·         Blockchain is still three to five years away from feasibility at scale, primarily because of the difficulty of resolving the “coopetition” paradox to establish common standards.
Companies should take the following structured approach in their blockchain strategies:
1. Identify value by pragmatically and skeptically assessing impact and feasibility at a granular level and focusing on addressing true pain points with specific use cases within select industries.
2. Capture value by tailoring strategic approaches to blockchain to their market position, with consideration of measures such as ability to shape the ecosystem, establish standards, and address regulatory barriers.
With the right strategic approach, companies can start extracting value in the short term. Dominant players who can establish their blockchains as the market solutions should make big bets now.
The nuts and bolts of blockchain
With all the hype around blockchain, it can be hard to nail down the facts. Blockchain is a distributed ledger, or database, shared across a public or private computing network. Each computer node in the network holds a copy of the ledger, so there is no single point of failure. Every piece of information is mathematically encrypted and added as a new “block” to the chain of historical records. Various consensus protocols are used to validate a new block with other participants before it can be added to the chain. This prevents fraud or double spending without requiring a central authority. The ledger can also be programmed with “smart contracts,” a set of conditions recorded on the blockchain, so that transactions automatically trigger when the conditions are met. For example, smart contracts could be used to automate insurance-claim payouts.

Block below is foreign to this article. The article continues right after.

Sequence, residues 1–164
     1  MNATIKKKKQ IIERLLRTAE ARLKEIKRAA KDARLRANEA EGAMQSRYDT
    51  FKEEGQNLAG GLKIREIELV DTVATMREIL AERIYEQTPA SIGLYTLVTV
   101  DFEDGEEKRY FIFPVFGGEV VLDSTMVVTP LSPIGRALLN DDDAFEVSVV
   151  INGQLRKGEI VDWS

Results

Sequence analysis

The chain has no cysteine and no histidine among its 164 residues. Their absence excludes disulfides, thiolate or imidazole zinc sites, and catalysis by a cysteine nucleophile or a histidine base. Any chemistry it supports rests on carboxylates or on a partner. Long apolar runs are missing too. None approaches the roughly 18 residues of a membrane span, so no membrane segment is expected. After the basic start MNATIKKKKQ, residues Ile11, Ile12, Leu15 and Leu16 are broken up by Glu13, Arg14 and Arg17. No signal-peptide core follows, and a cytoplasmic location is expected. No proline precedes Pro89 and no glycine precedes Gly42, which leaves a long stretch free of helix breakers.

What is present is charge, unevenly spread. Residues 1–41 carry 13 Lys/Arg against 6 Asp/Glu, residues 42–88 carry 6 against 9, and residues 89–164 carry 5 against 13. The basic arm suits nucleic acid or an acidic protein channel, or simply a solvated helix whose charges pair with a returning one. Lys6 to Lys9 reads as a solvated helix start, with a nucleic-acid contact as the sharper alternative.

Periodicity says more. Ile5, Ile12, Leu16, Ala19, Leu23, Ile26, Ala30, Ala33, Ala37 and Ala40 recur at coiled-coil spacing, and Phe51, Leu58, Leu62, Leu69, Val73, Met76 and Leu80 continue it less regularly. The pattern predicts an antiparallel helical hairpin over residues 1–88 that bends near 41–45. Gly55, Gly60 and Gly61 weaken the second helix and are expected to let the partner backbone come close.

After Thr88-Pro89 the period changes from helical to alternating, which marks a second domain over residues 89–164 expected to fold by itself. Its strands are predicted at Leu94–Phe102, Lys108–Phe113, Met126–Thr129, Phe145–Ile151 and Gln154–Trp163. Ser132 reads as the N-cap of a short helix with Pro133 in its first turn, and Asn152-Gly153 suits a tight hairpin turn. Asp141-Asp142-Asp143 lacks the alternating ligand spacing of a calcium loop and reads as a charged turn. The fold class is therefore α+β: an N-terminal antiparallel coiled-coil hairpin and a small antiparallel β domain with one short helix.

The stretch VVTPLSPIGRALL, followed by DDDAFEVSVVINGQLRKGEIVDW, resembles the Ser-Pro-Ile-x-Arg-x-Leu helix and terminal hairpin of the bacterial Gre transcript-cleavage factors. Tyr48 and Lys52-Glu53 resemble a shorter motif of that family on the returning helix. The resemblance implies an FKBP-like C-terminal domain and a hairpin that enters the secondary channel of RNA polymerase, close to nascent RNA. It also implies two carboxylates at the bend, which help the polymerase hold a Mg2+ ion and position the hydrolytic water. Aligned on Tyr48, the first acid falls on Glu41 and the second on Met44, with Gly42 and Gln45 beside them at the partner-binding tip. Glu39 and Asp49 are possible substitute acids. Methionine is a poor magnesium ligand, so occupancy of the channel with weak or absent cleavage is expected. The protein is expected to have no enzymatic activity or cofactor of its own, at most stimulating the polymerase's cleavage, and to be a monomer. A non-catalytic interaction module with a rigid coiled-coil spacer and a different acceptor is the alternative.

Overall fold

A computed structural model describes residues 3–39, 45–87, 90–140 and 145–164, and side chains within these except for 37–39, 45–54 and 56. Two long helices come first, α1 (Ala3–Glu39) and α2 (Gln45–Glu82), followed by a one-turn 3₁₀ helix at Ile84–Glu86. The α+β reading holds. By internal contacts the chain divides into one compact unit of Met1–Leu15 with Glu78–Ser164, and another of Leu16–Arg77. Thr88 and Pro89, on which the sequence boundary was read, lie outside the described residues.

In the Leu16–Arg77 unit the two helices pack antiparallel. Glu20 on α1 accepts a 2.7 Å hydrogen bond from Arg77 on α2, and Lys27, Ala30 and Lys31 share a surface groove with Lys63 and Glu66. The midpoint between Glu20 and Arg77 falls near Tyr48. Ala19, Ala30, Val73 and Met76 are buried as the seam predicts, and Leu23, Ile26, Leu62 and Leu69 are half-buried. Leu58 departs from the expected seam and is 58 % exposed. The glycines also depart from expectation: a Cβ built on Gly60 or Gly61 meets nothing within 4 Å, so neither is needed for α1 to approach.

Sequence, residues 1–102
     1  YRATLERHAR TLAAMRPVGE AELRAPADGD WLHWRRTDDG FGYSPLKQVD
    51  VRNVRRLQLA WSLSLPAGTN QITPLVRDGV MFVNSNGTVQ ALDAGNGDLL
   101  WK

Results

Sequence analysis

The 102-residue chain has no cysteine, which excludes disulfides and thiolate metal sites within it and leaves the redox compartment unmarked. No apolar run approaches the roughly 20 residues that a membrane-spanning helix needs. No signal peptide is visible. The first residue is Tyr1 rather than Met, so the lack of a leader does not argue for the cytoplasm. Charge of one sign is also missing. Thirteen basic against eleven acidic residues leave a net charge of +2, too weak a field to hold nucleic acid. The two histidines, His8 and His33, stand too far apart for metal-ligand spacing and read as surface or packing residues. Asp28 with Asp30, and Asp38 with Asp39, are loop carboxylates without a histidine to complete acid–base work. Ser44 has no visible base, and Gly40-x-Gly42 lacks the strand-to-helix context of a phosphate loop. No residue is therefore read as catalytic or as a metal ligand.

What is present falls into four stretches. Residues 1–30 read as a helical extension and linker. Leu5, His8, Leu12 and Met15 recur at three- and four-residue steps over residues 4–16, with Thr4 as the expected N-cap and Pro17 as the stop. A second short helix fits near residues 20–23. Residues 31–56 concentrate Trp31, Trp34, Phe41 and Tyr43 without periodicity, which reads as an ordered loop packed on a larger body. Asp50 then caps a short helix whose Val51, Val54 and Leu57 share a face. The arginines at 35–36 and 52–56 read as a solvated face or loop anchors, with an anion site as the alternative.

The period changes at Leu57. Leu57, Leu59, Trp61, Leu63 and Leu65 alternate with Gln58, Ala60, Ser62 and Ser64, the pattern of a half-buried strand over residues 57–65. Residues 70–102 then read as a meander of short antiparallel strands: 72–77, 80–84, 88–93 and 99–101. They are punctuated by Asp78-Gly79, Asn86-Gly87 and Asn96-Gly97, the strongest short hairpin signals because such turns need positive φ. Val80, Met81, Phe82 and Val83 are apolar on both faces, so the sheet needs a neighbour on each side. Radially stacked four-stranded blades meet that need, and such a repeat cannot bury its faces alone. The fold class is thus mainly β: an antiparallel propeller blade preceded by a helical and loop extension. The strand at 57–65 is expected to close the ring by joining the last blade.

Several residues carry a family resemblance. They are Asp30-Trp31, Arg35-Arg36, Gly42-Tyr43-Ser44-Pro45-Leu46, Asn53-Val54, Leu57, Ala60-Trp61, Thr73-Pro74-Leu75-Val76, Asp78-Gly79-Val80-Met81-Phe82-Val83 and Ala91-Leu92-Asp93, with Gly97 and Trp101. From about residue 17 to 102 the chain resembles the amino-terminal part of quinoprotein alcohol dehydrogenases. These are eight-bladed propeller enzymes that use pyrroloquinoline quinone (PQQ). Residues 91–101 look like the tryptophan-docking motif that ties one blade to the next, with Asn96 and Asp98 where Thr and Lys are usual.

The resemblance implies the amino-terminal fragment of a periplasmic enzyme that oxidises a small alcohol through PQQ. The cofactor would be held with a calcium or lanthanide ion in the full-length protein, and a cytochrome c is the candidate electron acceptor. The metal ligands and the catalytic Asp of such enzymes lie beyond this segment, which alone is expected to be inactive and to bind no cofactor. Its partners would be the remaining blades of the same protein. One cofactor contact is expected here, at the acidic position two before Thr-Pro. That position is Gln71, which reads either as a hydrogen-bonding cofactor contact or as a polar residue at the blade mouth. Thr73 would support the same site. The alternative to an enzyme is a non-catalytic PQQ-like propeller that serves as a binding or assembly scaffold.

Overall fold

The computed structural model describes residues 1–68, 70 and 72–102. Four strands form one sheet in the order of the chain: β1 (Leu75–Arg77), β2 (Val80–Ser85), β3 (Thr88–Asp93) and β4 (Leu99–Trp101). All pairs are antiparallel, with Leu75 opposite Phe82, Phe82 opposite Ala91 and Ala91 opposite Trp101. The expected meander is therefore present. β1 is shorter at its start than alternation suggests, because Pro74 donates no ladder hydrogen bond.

Blockchain’s core advantages are decentralization, cryptographic security, transparency, and immutability. It allows information to be verified and value to be exchanged without having to rely on a third-party authority. Rather than there being a singular form of blockchain, the technology can be configured in multiple ways to meet the objectives and commercial requirements of a particular use case.
To bring some clarity to the variety of blockchain applications, we structured blockchain use cases into six categories across its two fundamental functions—record keeping and transacting. Some industries have applications across multiple categories, while others are concentrated on only one or two. This framework, along with further industry and use-case level analysis, led to our key insights on the nature and accessibility of the strategic value of blockchain.
Three core insights about the strategic value of blockchain
Our analysis revealed some key takeaways about blockchain.
Blockchain does not need to be a disintermediator to generate value